In the previous post about the clown’s wife who has a state school MBA, there was a discussion in the comments about the value of an MBA. This is a topic I don’t think I’ve written about before, even though it seems like something I should have written about before.
Unlike a law degree, which is looked upon with suspicion if you don’t actually use it to practice law (and the same probably applies to other weird degrees, such as a PhD in Philosophy), the MBA is always viewed as a plus factor in the business world. A plus factor means that no one will hire you because you have the credential, but it’s looked at favorably when you are compared to candidates who don’t have it, especially if you are looking to get promoted to management. But keep in mind that it’s a small plus factor and not a huge plus factor.
The exception is if you earn an MBA from a very prestigious business school such as Wharton, Harvard, Stanford, or Columbia. People will hire you because you have such an MBA, and you can get hired into a prestigious and high paying investment banking, hedge fund, or management consulting career track.
If you can get accepted into a top MBA program, such as the four schools mentioned above, you should definitely borrow all the money it takes to pay for the education. On the other hand, it’s not worth borrowing a huge amount of money and taking off two years from work in order to get an MBA from a run-of-the mill school.
You never see me complaining much about my MBA because I didn’t give up much in order to get it. It was an evening program at Arizona State University, so I didn’t have to give up my job in order to obtain it. The work was really easy, so I didn’t have to study too hard. The tuition was inexpensive state school tuition and not expensive private school tuition. (One should note that evening MBA programs are very common, while evening law school programs are pretty rare. This is because law school is way too difficult to do simultaneously with working full time, unless it's stretched out over a long time. NYU has an evening LL.M. in Taxation program that stretches out over three years. In comparison, my evening MBA program at ASU was only two years, the same length of time as the day program.)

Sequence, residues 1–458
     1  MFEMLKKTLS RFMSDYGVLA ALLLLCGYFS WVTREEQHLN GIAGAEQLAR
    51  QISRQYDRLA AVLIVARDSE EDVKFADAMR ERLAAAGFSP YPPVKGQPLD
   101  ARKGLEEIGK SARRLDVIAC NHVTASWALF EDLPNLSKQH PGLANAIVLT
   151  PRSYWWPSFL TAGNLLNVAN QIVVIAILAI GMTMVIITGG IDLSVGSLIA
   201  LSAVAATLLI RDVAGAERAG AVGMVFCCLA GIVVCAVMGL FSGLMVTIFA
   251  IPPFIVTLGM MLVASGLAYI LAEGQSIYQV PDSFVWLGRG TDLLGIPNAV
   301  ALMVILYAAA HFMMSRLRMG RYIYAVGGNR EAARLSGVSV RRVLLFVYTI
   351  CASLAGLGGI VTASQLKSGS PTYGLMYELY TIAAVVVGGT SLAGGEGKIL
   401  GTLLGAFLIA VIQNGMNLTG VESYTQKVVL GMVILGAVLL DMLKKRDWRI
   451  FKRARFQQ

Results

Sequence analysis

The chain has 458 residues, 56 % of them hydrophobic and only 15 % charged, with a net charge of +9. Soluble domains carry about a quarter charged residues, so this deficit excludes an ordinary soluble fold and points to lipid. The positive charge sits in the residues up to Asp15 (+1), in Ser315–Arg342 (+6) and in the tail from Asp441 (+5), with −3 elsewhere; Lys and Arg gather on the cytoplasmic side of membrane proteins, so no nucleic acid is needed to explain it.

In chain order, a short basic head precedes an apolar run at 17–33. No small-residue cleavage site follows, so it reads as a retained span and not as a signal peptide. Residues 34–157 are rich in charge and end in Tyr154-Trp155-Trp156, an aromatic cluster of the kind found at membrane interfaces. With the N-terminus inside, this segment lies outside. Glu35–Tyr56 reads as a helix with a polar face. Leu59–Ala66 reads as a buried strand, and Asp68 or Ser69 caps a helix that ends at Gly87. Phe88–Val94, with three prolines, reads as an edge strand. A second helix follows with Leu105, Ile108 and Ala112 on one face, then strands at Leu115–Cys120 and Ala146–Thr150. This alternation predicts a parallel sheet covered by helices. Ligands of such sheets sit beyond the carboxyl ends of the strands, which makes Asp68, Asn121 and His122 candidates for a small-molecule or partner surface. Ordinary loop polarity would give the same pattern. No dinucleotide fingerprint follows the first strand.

As a plus factor in non-prestigious career tracks, no one cares very much if the MBA was an evening program or a day program. So my advice is that if you can’t get into a prestigious program, do the least expensive evening MBA program that you can find. The exception, perhaps, is if you live in New York City, and you have the option of doing the evening program at the Stern School of Business at NYU. Maybe this is prestigious enough to justify NYU’s very expensive tuition? I have to think about that. The day program at Stern will be more likely to get you hired into a prestigious career track, but Stern is a big step down in prestige from Columbia, so I also have to think about whether Stern is worth it if you get rejected from Columbia. (Of course, if your parents are willing to pay for your education, you should take whatever education they're willing to fund. Parents seldom give their twenty-something children the choice between an education and a $100,000 check, so between fully funded education and nothing, fully funded education is a great deal.)
Zillions of people in the business world have an MBA, and because anyone can get one, it doesn’t necessarily prove that the holder knows anything. I said before that it’s a plus factor, but if I were interviewing someone for a job, and they had an MBA on their resume, I’d ask them some basic questions that someone with an MBA ought to know, such as “explain net present value” or “explain depreciation.” A former manager of mine, who had an MBA, didn’t know what depreciation was. This is very pathetic in my opinion. She ought to have her degree taken away from her.